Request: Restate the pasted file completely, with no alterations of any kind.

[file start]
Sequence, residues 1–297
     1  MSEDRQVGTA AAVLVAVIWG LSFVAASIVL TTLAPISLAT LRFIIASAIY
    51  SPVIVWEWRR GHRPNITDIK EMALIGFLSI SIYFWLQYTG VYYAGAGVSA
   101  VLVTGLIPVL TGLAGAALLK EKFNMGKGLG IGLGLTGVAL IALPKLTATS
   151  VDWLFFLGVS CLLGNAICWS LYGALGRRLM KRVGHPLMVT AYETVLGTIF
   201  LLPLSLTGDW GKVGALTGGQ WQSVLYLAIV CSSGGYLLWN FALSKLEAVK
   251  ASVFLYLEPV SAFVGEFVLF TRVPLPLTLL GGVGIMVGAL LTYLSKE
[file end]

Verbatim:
Sequence, residues 1–297
     1  MSEDRQVGTA AAVLVAVIWG LSFVAASIVL TTLAPISLAT LRFIIASAIY
    51  SPVIVWEWRR GHRPNITDIK EMALIGFLSI SIYFWLQYTG VYYAGAGVSA
   101  VLVTGLIPVL TGLAGAALLK EKFNMGKGLG IGLGLTGVAL IALPKLTATS
   151  VDWLFFLGVS CLLGNAICWS LYGALGRRLM KRVGHPLMVT AYETVLGTIF
   201  LLPLSLTGDW GKVGALTGGQ WQSVLYLAIV CSSGGYLLWN FALSKLEAVK
   251  ASVFLYLEPV SAFVGEFVLF TRVPLPLTLL GGVGIMVGAL LTYLSKE